Lola watched as the lights of the police cars outside changed colors, accompanied by the deafening sound of the siren. Six in total sat idle in front of the station. She gripped her teddy bear’s arm and sighed.
Stomps littered the hallway as people walked back and forth. Police. Suited men. Just regular people.
She rubbed at the tight shackles on her tiny wrists, careful not to drop the stuffed animal.
“Lola? Let’s go.”
A burly policeman tugged her shoulder, leading her to a small closed-off room. She had no choice but to walk and sit in the big seat she was shoved in. The police left and the lights turned off. The only thing she could see was one woman, sitting right in front of her with a cold stare.
“Lola, is it?”
Lola smiled, her one front tooth shining.
“Did you know that ten crows mean gold?” Lola’s voice was high-pitched like any girl under twelve. She giggled.
“You have eyes like a hawk. The hawks say mean things.”
The woman clicked her pen.
“What do the hawks say, Lola?”
“They are your kind, so you should know.” She giggled again. The woman clicked her pen twice more.
“Do you know what you did?”
“I’m not sure why everyone is blaming me. It wasn’t my fault.” She would’ve been twirling her hair around her fingers if her wrists weren’t chained.
Then again, she would’ve also maybe been cute if she hadn’t been a murderer.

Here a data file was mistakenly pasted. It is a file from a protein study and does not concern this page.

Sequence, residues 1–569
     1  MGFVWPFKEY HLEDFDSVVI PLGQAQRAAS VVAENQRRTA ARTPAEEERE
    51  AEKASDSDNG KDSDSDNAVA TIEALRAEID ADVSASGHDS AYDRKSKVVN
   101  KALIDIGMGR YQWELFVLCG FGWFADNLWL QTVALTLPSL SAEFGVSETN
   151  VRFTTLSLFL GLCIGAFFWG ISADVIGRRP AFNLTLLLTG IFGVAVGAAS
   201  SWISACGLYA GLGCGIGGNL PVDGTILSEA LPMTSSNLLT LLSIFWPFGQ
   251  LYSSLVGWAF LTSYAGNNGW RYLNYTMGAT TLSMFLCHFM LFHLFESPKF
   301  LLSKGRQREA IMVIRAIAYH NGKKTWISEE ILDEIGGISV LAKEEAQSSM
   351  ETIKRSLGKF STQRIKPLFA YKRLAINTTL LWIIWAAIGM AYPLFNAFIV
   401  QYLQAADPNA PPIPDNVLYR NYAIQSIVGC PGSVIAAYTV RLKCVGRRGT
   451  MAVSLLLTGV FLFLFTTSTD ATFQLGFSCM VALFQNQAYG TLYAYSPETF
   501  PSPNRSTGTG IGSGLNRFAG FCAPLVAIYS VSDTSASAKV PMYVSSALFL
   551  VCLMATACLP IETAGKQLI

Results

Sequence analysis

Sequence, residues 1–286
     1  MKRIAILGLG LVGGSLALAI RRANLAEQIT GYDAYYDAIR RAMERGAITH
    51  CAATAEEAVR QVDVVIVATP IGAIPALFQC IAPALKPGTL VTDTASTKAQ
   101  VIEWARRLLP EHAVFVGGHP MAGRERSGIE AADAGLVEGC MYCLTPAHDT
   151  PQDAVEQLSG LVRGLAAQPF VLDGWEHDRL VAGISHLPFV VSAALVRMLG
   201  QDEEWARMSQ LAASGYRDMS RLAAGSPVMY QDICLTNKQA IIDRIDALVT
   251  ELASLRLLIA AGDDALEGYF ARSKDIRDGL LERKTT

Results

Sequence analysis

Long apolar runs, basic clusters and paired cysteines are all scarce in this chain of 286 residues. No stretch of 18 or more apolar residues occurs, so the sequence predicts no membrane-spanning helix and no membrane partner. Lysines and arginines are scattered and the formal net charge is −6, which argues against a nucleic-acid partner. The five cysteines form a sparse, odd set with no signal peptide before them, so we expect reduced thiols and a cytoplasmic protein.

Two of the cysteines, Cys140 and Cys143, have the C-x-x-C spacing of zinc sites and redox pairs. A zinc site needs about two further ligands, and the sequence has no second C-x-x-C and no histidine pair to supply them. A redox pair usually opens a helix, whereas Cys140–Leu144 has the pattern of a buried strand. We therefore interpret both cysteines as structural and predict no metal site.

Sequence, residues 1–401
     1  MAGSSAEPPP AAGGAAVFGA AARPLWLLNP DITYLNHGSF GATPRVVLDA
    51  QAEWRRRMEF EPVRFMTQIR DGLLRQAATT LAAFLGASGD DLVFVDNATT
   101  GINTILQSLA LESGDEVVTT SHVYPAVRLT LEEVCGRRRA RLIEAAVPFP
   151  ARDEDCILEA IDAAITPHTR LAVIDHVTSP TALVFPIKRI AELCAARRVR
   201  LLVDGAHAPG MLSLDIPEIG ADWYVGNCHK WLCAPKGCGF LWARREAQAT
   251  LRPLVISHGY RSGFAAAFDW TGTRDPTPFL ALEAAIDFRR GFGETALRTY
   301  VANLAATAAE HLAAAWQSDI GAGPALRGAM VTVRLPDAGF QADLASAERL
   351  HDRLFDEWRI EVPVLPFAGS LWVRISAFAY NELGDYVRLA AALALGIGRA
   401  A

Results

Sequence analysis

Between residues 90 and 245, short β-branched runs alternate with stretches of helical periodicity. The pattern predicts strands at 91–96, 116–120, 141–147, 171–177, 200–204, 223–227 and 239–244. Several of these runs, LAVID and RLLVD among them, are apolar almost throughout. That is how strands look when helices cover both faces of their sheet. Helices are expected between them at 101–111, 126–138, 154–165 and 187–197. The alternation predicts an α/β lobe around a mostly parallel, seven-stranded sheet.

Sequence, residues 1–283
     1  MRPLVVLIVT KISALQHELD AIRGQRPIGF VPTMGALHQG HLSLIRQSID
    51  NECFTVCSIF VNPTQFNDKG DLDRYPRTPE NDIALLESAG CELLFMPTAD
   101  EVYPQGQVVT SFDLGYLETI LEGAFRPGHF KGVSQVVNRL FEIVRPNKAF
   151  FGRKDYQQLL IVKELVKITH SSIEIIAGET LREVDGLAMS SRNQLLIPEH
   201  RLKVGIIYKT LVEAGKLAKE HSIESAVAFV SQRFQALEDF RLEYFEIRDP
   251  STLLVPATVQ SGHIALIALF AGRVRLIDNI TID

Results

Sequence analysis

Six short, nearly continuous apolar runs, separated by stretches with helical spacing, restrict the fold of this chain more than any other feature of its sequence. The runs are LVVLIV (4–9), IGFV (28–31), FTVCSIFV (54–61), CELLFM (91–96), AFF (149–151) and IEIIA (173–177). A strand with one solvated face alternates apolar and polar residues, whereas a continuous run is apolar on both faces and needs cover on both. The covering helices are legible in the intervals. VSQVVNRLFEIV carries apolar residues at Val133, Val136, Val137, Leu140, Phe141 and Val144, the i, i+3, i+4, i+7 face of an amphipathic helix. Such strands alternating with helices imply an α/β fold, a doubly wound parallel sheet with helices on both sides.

"Who was it then?" Another click of the pen.
"The lions." Lola giggled.
The teddy bear fell to the ground and Lola gasped. She tried to reach down and get it, but it was too far for her short little arms to reach. The woman put her pen to paper and let it sit.
"What do the lions say, Lola?"
"The lions speak of kingdom matters. They are the kings of the jungle, as you know."
"Oh?" The pen made a dot of blue ink, leaking into multiple pages.
"Yes. They are sorry they caused so much trouble, truly."
"And are you saying this as a form of apology, because you're afraid? Because you know you did something wrong?"
"There is nothing to fear but fear itself."
"And you're ten?"
"And a half." Lola winked.
The woman stood, her chair's legs scraping against the metal flooring. She knocked twice on the walls and a door was opened. A short man grabbed her shoulder and pulled her out.
“You have muscles like the gorillas. The gorillas speak gently.”
“What do the gorillas say, Lola?”
Lola dreamt of the sun and the moon her first night. They argued because the moon was stealing the sun’s light in the nighttime and taking all the credit. People saw the moon as mysterious and preferred her to the sun, when the only mystery was how the sun put up with her.
She woke up with a start in the small cell and stretched her small arms.
“Small,” she whispered into the darkness. She didn’t expect someone to reply.